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How to support Y1 drawing

(8 Posts)
PotteryLottery Sun 28-Jun-15 09:06:13

Y1 DD likes to draw and is good-ish at it, however, I can't even draw a straight line.

So how can I help her progress?

Sirzy Sun 28-Jun-15 09:07:39

Can you not just let her carry on drawing and improving through enjoyment? Maybe buy some "how to draw anything" type books she can use to copy things?

PotteryLottery Sun 28-Jun-15 09:17:59

Sure, I could just let her carrying on but I thought arty parents do or say something constructive... I help with times tables but I feel I neglect art.

I love the how to draw books, they have helped me no end smile DD not so interested in them at the moment.

lolalotta Sun 28-Jun-15 18:53:29

Just make sure she has plenty of supplies to hand if you're able to afford them. A student quality watercolour set might be worth investing in if she's keen as the colours will be so much more vibrant than kids sets (Daler Rowney or Windsor and Newton are the brand names to look out for) and a few brushes that are better quality than those you might find at ELC would be useful. I've noticed some nice packs in WH Smiths which aren't to expensive, again go for student quality rather than those aimed at kids. It might be encouraging for her if you sit down to draw with her too, maybe create a still life of some bits and pieces you find on a walk... a fir cone, or a flower or some leaves. Don't worry that you no good, you might surprise yourself and children don't see it that way anyway. It doesn't need to be anything complicated but it might help her understand that inspiration is all around us and is there for the taking.
She might like to try out different sorts of mark making, for instance you could sharpen a stick and let her play around with that and a pot of poster paint, or she could try out what textures she can achieve by dipping an old paint brush in paint and flicking that on to the paper. Or applying paint with the end of a cotton bud.
Make sure she has the tools available and just let her play, she'll find her way!

Ferguson Sun 28-Jun-15 19:25:26

Not really 'art' but primary schools often do leaf, tree bark, or coin rubbings, using thin paper and wax crayons. Looking at, and enjoying, the textures, may prompt other ideas.

I was never brilliant at drawing or painting, but I was good at Technical Drawing, using rulers and drawing instruments.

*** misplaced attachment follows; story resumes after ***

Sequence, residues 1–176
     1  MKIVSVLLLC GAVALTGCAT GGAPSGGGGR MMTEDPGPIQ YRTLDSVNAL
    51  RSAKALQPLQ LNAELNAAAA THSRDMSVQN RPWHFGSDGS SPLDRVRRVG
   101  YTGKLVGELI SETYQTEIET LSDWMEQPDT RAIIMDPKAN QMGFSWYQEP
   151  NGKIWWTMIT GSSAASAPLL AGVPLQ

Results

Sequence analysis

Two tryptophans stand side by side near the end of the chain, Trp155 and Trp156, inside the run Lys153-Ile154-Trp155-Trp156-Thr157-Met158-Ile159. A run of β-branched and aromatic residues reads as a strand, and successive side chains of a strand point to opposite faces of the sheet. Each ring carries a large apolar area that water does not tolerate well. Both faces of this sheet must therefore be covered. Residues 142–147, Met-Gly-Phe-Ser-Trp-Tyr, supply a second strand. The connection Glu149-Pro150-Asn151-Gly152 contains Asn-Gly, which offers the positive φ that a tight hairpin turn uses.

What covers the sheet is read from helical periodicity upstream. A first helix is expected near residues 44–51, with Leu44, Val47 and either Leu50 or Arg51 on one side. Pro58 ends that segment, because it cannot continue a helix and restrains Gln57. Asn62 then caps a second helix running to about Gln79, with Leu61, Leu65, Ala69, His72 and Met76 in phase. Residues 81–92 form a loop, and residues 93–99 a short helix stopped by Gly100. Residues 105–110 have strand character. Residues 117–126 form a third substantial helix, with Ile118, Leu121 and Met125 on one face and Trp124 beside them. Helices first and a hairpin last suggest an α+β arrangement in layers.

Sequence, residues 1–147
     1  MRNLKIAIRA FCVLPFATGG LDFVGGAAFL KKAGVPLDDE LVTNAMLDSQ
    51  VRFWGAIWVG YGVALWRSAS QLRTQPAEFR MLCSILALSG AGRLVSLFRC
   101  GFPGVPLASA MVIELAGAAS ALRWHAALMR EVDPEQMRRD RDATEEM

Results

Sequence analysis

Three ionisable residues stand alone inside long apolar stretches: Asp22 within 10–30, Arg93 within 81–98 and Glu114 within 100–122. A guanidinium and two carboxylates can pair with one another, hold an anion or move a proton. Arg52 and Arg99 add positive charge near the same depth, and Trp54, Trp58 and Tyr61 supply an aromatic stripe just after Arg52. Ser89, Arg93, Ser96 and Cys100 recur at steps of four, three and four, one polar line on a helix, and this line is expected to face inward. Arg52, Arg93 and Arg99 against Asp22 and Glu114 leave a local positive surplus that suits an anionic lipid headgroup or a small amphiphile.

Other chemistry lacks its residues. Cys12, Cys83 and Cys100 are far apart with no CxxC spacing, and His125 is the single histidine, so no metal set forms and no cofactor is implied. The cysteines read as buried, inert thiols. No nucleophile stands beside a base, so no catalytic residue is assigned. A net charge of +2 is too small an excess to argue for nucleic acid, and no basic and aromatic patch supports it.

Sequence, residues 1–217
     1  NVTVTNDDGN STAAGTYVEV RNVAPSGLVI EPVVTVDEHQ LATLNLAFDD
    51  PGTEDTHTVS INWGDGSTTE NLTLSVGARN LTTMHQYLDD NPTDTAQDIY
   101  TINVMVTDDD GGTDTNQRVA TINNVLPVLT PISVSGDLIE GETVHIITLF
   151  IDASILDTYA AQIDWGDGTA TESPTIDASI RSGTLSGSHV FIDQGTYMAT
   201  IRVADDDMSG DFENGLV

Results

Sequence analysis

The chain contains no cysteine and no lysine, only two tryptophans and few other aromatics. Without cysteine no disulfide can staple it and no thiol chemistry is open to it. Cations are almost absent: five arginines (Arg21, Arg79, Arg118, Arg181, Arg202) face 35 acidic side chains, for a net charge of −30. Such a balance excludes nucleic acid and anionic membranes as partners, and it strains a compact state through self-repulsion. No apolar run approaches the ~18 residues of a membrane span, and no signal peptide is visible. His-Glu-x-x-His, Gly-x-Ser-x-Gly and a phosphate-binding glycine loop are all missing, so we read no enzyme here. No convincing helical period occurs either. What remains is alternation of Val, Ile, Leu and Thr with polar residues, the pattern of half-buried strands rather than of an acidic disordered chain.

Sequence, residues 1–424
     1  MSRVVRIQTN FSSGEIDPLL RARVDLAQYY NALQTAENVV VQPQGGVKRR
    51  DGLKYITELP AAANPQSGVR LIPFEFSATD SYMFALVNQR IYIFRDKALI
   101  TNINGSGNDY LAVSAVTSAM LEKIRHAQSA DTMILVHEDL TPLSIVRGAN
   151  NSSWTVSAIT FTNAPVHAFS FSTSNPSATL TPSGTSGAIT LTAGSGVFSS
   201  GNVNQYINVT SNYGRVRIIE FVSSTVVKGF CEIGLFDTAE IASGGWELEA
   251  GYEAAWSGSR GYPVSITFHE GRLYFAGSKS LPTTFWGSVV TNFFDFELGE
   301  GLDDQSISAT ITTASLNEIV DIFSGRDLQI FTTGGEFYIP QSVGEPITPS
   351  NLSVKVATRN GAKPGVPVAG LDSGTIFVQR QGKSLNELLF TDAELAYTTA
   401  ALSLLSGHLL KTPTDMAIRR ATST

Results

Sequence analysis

And of course, these days 'computer art' is a valid medium; either 'bit map' programs like Paint, which record the coloured pixels, (and use a lot of space), or 'vector drawing programs' which store the INSTRUCTIONS to make the picture, and consequently use very little space. There will be educational versions, but this shows what can be achieved:

www.xara.com/uk/gallery/?p=pgd#!

(In Xara gallery, click on the 'magnifier' symbol on any 'thumbnail', then on the side arrow to go through the list; or close the image on the 'X' and choose a different one.)

hackneyLass Mon 29-Jun-15 00:52:49

Art shops sometimes do drop in sessions for kids - either guided or a table of materials to play with. And most museums/galleries do (free) kids sessions. Might give you both some new ideas for materials / techniques / themes....

Seeline Mon 29-Jun-15 09:03:36

I agree with PP about making sure she has a variety of materials to use.
Also try exploring different forms of art - collage, print making, pattern making, bubble painting, finger painting etc to help explore pattern, shapes and colour.
Experiment with drawing different things - imaginary pictures, landscapes, detailed drawings of flowers or fruit, more urban scenes such as close ups of buildings etc.
There are brilliant 'how to draw' videos on YouTube which do step-by-step instructions for more cartoony-style things. My DD loves those.

SisterMoonshine Mon 29-Jun-15 09:05:24

I was also going to say about school holiday workshops at art galleries.

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